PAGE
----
Against the flow: Which households drink bottled water?
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Neil Rothwell, Environment Accounts and Statistics Division, now with Agriculture Division
Canadians are drinking more bottled water than in the past. The International Council of Bottled Water Associations estimates that in 2000, 820 million litres of bottled water were produced for Canadian consumption. By 2003 that figure had risen to almost 1.5 billion litres.1 A household might choose to drink bottled water in the home as opposed to water from the tap for several reasons including increased convenience, taste preferences, concerns over the tap water quality or ongoing marketing by the bottled water industry.
Bottled water has raised considerable controversy both in Canada and abroad and has attracted a good deal of media attention (see Text Box: Bottled Water). Overall, almost 3 in 10 households reported drinking bottled water in the home in 2006. This study finds that higher-income households were more likely to drink bottled water, but that households living in apartments, households with seniors and households with at least one member with a university education were less likely to drink bottled water than other groups.
There is a close association between those with high income and those with a university education and they normally share many characteristics. However, drinking bottled water is not one of them.
In general, households with higher income were more likely to drink bottled water (Chart 1). Close to a quarter of households with a total household income of $40,000 or less drank bottled water in the home, with the proportion increasing to a third among households earning more than $91,000.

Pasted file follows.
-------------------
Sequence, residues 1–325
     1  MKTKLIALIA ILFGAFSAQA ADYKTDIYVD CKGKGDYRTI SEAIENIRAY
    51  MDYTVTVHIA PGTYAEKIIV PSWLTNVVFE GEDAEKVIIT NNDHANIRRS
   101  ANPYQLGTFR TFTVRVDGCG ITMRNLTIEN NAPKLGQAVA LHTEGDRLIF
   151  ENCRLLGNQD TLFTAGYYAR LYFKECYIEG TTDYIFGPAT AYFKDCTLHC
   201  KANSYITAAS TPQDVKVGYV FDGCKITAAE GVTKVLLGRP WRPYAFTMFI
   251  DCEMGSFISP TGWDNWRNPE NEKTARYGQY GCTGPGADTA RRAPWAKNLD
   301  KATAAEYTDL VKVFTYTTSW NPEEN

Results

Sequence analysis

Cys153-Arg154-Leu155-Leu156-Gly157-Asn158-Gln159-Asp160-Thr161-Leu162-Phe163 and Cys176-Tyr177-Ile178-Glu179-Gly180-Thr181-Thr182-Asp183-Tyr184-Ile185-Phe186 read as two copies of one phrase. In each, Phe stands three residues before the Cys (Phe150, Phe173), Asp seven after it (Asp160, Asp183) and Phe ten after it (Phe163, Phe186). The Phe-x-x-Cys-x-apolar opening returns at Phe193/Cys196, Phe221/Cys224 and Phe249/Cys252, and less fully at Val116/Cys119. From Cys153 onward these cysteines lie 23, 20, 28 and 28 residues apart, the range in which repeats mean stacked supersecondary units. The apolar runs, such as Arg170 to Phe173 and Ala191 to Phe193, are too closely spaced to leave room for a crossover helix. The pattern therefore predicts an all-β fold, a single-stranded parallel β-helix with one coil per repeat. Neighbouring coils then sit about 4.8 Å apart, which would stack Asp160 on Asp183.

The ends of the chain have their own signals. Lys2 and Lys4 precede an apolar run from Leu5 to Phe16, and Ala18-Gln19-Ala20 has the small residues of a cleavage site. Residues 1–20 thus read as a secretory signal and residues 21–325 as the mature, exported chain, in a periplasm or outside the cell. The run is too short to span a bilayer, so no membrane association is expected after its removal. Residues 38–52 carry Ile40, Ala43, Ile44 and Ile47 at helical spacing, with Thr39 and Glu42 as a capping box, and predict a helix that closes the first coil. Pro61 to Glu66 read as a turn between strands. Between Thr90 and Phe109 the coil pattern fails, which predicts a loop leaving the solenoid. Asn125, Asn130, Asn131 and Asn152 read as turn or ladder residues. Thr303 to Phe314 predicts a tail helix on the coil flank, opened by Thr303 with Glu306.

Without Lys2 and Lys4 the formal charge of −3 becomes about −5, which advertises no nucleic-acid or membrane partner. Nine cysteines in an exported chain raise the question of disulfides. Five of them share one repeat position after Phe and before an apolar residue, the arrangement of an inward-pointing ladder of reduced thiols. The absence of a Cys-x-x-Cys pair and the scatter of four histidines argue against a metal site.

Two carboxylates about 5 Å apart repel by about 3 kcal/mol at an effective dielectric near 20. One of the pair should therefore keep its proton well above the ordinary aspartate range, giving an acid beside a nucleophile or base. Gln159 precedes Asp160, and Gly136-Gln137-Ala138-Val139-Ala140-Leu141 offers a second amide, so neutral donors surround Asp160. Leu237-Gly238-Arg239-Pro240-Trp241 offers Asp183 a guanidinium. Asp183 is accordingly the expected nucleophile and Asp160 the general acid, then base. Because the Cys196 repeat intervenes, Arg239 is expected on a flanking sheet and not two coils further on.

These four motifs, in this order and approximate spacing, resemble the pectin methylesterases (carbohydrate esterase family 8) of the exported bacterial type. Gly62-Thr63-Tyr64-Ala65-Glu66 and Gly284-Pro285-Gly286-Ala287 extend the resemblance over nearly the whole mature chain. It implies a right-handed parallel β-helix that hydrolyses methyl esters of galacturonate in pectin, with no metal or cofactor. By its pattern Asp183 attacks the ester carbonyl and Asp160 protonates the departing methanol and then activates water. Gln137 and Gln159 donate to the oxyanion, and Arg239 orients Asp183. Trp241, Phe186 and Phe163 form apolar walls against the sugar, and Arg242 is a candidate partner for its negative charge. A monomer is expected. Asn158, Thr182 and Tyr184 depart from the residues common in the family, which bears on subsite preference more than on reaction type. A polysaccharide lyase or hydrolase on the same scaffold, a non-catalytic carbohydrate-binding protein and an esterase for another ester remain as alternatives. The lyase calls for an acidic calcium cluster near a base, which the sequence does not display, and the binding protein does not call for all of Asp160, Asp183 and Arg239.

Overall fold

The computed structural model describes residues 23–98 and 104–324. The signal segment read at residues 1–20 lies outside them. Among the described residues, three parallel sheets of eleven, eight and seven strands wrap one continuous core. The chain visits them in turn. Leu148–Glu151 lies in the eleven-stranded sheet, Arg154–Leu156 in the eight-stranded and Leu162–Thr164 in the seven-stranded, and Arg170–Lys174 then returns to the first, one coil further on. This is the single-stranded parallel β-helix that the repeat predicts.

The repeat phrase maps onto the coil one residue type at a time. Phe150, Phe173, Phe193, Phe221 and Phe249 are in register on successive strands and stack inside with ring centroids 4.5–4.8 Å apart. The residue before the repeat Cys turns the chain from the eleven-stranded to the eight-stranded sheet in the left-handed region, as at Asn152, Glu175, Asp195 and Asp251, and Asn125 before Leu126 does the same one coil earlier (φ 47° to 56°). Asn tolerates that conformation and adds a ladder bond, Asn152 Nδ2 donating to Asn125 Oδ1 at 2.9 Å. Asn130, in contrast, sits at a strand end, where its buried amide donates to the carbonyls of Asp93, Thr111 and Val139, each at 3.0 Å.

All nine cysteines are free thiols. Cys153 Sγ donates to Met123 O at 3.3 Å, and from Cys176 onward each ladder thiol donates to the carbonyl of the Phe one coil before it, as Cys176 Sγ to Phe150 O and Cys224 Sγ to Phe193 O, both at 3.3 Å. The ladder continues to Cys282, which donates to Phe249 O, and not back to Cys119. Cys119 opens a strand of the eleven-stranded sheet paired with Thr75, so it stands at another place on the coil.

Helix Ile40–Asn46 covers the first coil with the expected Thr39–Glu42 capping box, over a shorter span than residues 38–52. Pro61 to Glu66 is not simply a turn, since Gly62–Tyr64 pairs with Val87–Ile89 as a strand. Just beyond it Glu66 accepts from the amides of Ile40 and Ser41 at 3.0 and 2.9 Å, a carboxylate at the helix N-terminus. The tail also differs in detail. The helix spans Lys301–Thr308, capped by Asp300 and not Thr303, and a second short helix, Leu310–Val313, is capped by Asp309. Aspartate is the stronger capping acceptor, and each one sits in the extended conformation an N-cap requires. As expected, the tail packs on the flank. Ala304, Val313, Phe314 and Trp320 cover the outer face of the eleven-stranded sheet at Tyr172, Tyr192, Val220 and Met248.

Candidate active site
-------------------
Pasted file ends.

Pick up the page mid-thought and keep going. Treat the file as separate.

For low-income households, bottled water may be a relatively expensive purchase. From this perspective, bottled water is a luxury item that affluent households are more able to afford.
This article uses data from the 2006 Households and the Environment Survey (HES). The 2006 HES was conducted by Statistics Canada to measure the actions of Canadian households with respect to a wide range of environmental behaviours, including drinking bottled water as the main source of drinking water in the home. Using the HES, a number of socioeconomic and demographic variables are linked to those households drinking primarily bottled water in the home and the results are presented as a share of total households.
Data collection for the 2006 HES took place in conjunction with the Labour Force Survey (LFS). It should be noted that the 2006 HES did not inquire about drinking bottled water outside of the home (at work for instance) where the convenience of bottled water becomes a factor. The results, therefore, underestimate the share of households that regularly consume bottled water.
Four characteristics are used to investigate bottled water drinking among Canadian households:
Households are divided into quintiles—five equal groups based on the total income, from all sources, received by all members of the household.
Households are divided into four groups based on the highest level of education attained by any member of the household.
Households are divided into five groups based on the presence of household members in three age categories: children (under the age of 18); working-aged adults (aged 18 to 64 years); seniors (aged 65 and over).
Households are divided into four groups based on the type of dwelling within which the household resides.
For the sake of brevity, "drinking primarily bottled water in the home" may be referred to in the text as "drinking bottled water."